FRESNO, Calif. (KGPE) – The Muslim-American community continues facing hate in California classrooms, according to the 2021 bullying report by the Council on American-Islamic Relations (CAIR).
The biennial study evaluates the current school climate for California Muslim students between the ages of 11 and 18.
“Their identity is being used against them and it’s really disheartening,” said Zena Chafi, Fresno State Muslim Student Association President.
CAIR-CA’s 2021 report is the result of a survey distributed between January 2021 to August 2021 asking Muslim students statewide about their experiences with bullying and Islamophobia from August 2018 to August 2021. Around 700 students participated in the survey, including 34 from Fresno, Madera, Tulare and Merced counties. Nearly 50% reported being bullied, compared to 40% in 2019. More than half said they felt unsafe.
“There’s times where parents are making calls to their school over and over and over, and they’re never heard,” said Reza Nekumanesh, executive director at the Islamic Cultural Center in Fresno.
Nekumanesh said he’s worked with Valley school districts to address the problem, including an instance where a local school allegedly held a test with Islamophobic questions.
“There was a question, for example, about the hijab, about the covering that Muslim women wear, and it had some demeaning reasons as to why a Muslim might wear it,” he shared. “When talking about violence committed by folks, it used Islam as a basis for the possibility of the violence.”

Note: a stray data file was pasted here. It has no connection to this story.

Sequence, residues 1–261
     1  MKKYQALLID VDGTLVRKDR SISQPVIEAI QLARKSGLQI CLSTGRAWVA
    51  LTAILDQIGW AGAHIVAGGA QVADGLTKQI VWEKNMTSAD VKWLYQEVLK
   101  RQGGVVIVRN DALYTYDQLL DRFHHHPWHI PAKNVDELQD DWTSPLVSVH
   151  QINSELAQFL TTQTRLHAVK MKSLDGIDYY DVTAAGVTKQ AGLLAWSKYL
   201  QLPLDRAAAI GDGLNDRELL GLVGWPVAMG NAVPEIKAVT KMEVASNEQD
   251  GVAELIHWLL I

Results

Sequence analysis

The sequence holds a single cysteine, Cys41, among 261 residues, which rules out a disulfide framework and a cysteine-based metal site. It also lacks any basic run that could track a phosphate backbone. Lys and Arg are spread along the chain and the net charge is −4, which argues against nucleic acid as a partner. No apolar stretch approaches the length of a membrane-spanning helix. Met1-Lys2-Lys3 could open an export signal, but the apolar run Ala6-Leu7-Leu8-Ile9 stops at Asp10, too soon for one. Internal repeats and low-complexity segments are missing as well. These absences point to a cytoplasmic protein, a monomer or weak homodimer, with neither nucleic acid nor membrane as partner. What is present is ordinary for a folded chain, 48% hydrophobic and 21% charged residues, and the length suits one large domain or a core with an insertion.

According to the 2021 and 2019 surveys, Muslim students in California were bullied at more than twice the reported national average of 20%.
“A six-year-old female public school student from Orange County reported that her teacher herself had attacked her in front of her class, saying things like ‘terrorist’ and ‘you don’t belong here,'” said CAIR-CA civil rights managing attorney Amir Shabaik.
The study showed Islamophobia in the classroom decreased during the pandemic, though advocates say it may have been replaced by online bullying.
“When you’re hiding behind a screen, it’s really, really easy to attack another person online,” said Chafi, adding that school districts need to be more proactive.
“More ethnic studies, do anti-Islamophobic trainings, teach students, professors and teachers what it means to be anti-racist,” she said.
“It takes the schools inviting us in, allowing us to educate at all levels so that way, people can walk away with a greater understanding,” said Nekumanesh.